This page describes in more detail than the Data Structures page how the various trees are put together, and how to navigate around their data.
Btrfs supports many filesystem trees, with each tree corresponding to a subvolume. Trees are numbered 5, 256, 257, ..., with the top-level subvolume having ID 5; the first-created subvolume 256, and so forth. Within an FS tree, objects have their own inode numbers, and are indexed by inode number (starting from 257). Each object stored in the FS tree has many keys associated with its inode number. Every object has, at minimum, an INODE_ITEM and an INODE_REF key, and, depending on the type of the object, none or more additional keys containing further information about it.
Keys common to all objects
The INODE_ITEM stores the basic properties of the object: size, permissions, major/minor numbers, flags, and a count of the number of links to the object (as appropriate: not all types of object will have all of these set). The key for an INODE_ITEM is (inode, INODE_ITEM, 0).
Next, there is an INODE_REF item. This stores simply an index number, and a string. The string is the name of the object, and the index number is its position within the directory (see DIR_ITEM, below, for a discussion of directory indices). The offset part of the key for this item type is the inode of the parent directory. Each hardlink to a file will have a separate INODE_REF item, giving the parent directory of the object (in the offset field of the key), and the index and name of the object within that directory. Since directories cannot be hardlinked (due to POSIX semantics), each directory object will have precisely one INODE_REF item. The key for an INODE_REF item is (inode, INODE_REF, parent_dir_inode).
A file's additional keys consist of one or more EXTENT_DATA_REF items. Taken in sequence, these describe where the data of the file can be found on the disk. The offset field of the key in each case is the offset of the extent within the file. An extent item may map any contiguous sequence of bytes in the file to any other contiguous sequence of bytes stored in a data chunk.
Directories and subvolumes
A directory's keys simply list all of the files contained within the directory, twice. The first list consists of a sequence of DIR_ITEM keys, ordered by the hash of the item's name (this is stored in the offset of the key). The second list consists of a sequence of DIR_INDEX keys, ordered by the "natural" order of the directory (typically in creation order). Both key types store the same structure, which references the key of this object's inode, and holds the full name of the object within this directory. The referenced key will be either of type INODE_ITEM, in which case it is an ordinary POSIX filesystem object and can be looked up in this tree; or it will be of type ROOT_ITEM, in which case it's a subvolume, and the subvolume objectid should be looked up in the tree of tree roots to find the corresponding FS tree.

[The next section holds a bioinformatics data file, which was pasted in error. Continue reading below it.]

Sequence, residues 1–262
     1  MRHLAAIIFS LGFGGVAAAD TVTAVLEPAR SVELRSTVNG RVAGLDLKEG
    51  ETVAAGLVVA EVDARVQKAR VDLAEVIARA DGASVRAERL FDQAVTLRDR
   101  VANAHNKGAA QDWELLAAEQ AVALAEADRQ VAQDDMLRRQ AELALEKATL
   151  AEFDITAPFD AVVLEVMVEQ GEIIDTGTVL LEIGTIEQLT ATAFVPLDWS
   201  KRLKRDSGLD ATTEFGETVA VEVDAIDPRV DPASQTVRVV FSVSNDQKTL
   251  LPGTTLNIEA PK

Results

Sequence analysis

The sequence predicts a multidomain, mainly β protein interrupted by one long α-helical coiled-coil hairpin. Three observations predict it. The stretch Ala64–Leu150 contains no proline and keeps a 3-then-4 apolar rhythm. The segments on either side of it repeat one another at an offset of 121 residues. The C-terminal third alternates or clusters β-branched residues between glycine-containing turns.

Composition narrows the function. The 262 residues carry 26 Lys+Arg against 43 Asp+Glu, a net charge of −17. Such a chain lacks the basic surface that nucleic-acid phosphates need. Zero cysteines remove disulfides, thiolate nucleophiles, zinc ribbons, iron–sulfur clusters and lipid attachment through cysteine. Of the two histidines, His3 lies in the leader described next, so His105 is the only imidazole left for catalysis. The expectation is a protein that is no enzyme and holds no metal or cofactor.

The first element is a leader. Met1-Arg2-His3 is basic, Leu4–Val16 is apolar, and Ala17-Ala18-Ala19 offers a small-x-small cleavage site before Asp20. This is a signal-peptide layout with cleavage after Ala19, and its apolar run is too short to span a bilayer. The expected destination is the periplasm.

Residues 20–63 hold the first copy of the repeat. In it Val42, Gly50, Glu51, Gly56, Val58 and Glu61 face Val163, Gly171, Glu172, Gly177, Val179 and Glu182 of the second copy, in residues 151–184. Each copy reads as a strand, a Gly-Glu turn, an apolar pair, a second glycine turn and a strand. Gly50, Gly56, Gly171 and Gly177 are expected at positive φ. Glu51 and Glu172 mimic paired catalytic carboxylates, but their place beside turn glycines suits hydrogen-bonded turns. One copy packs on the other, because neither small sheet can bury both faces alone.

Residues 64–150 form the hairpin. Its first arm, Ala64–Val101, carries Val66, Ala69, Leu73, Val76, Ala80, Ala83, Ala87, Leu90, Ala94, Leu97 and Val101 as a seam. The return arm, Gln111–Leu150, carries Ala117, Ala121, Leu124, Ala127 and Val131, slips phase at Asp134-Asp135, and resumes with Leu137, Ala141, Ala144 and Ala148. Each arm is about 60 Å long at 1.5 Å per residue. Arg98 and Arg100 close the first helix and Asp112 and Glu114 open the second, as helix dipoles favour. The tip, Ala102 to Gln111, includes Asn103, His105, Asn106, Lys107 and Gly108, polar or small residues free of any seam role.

The diagram below shows a simple subvolume structure, and the relationships between the different sets of keys (grouped here by inode number). Note that the files /incoming and /project/mailbox have been hardlinked together (with ln /incoming /project/mailbox, and that the files /vmbase and /vmimage were made by use of cp --reflink vmbase vmimage. The /vmimage file has been subsequently modified, and the last part of the file rewritten.
Note that in the diagram, the links from DIR_ITEM keys to their respective inodes and links from INODE_REF keys to DIR_INDEX keys are not shown, for clarity.
The extent tree contains extents: contiguous chunks of storage allocated for use in some way. It stores two distinct types of extent: block group extents, and data extents.
Block group extents are the fundamental building blocks within the virtual address space of the filesystem, and indicate which virtual addresses are valid (i.e. have physical storage underlying them). A block group extent's key in the extent tree is (start, BLOCK_GROUP_ITEM, length), and the associated data item contains the objectid of the chunk (which can then be looked up in the chunk tree).
Data extents are always allocated from within block group extents, and represent the sequences of bytes that contain data (or metadata) managed by the filesystem. As with block group extents, data extents are keyed by their start position in the filesystem's virtual address space, and their length is the "offset" field of the key.